This is by an unknown author, and I got this story from a close friend. I felt deeply moved by this piece of writing, because it gives a very good reason why we should be good to other people. Often in the past, I've tried to be nice to people and opened up my heart to them as well, but over time, I began to feel that there were too many woes in my heart. And I started to wonder: Should I always give out my heart to people and just let them ruin it or leave all this hurt behind? Then I realized that to have these doubts about giving was really wrong. This story gave me a strong, definite answer about what should I do. If the old man in the story didn't give other people parts of his heart, his heart wouldn't have been so ugly in appearance. It would have been nice and beautiful like the young man's. But this elder understood what was a truly beautiful heart—it is a heart that you can cherish, a heart so full of memories that you can't forgot, and a heart that will stay with you forever and ever.
Last semester in my English class, we read Walden, by the famous American writer, Henry David Thoreau. Our teacher, Heng Gu Shr, picked out some quotes for us to write our comments on, and one that really touched me was: "Could a greater miracle take place than for us to look through each other's eyes for an instant?" People nowadays are too scared to give their heart or to show affection towards people around them. These days, people are only willing to give and invest their time, energy and effort if they expect to get something back. Men and women are all wearing fake masks, with layers of make-up to cover up their true selves. People hardly put forth any sincerity to do things. I've seen people change their facial expressions and emotions very quickly or pretend to be friends with their enemy just after they badmouthed them behind their backs. It is so hard to trust people and thus be willing to give out your heart. People are all afraid to be hurt by others. But there must always be a person who's willing to extend a hand first before two people can even shake hands. So it's the same as giving out your heart first to let other people exchange it. An acquaintance once told me her definition of what it means to be a friend. She said, "In Chinese, friends are also called 'those who know each other's heart.'" In order to know each other's heart, you need to give out your heart first, truly open yourself up and be sincere to make friends with people. Once you've done that, you can begin to develop a good friendship.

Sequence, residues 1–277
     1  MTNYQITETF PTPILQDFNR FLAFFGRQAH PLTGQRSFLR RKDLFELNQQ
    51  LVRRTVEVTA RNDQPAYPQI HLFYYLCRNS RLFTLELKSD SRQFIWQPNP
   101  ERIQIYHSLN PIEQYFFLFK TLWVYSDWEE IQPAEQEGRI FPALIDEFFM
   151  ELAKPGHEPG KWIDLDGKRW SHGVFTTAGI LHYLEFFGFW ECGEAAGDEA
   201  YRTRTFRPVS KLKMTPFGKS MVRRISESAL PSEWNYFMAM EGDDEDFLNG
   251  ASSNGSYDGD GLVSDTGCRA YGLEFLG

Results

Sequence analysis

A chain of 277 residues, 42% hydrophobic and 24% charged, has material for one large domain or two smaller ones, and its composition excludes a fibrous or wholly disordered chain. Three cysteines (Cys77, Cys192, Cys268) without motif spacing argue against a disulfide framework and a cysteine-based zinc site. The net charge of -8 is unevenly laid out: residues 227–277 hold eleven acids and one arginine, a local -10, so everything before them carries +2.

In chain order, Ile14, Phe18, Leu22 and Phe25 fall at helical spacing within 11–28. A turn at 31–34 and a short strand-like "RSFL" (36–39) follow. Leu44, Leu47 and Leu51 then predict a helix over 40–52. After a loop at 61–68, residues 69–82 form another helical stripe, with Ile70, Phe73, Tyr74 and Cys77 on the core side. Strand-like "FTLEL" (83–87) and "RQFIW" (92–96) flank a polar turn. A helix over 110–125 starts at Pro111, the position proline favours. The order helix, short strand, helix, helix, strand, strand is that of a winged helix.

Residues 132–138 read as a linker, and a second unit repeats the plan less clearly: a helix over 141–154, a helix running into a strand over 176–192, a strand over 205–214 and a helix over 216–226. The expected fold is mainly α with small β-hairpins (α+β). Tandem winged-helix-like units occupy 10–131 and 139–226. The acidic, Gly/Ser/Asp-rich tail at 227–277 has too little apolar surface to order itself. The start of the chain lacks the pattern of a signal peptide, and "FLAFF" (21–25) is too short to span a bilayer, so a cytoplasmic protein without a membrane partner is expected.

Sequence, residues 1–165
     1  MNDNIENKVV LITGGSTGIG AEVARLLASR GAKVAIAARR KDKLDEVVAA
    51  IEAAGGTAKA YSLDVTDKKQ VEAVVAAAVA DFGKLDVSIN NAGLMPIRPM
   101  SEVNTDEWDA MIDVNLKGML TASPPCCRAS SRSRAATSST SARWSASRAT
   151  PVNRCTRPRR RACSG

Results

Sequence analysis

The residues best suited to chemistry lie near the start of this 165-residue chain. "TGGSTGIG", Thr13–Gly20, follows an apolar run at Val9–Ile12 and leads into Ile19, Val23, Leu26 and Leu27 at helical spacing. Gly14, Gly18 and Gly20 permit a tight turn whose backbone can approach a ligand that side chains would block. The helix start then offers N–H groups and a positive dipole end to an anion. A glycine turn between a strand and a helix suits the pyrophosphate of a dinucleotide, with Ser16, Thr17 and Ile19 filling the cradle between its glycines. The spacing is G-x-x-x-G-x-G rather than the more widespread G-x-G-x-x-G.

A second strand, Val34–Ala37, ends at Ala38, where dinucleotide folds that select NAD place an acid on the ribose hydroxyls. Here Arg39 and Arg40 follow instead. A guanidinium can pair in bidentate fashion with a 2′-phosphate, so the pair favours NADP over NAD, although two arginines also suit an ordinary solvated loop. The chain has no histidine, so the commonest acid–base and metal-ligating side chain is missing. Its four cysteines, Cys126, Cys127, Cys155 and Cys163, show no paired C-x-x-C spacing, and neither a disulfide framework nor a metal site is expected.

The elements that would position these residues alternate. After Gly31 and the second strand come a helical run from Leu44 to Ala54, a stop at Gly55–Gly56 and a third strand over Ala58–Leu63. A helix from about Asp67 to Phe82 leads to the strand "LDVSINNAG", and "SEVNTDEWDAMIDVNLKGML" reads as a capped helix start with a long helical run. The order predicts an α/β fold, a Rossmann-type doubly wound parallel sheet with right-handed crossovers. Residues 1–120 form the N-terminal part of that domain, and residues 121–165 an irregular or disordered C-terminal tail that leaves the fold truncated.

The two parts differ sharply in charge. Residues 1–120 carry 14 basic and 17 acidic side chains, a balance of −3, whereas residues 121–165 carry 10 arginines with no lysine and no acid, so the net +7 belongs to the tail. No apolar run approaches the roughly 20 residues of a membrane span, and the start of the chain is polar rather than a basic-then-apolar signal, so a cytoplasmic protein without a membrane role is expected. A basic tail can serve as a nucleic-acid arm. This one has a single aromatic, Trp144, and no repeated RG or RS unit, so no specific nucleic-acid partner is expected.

So now, I don't worry if I have given too much to other people and forgotten to reserve some for myself, because I have really found some friendships that will last for a lifetime. I'll always remember those to whom I've given my heart, and those from whom I've received a heart.
Personally, the old man in this story reminds me of the Bodhisattvas. Every Bodhisattva practices joy in giving. In the story, the old man enjoys giving out his love, just as Bodhisattvas enjoy saving living beings or even giving up their lives for us. So if someone doesn't take the first step by giving out something, what will happen afterwards? Nothing. Thus don't be shy or scared to give out your heart first, because you'll earn something you'll never regret and you might also become someone with the most beautiful heart.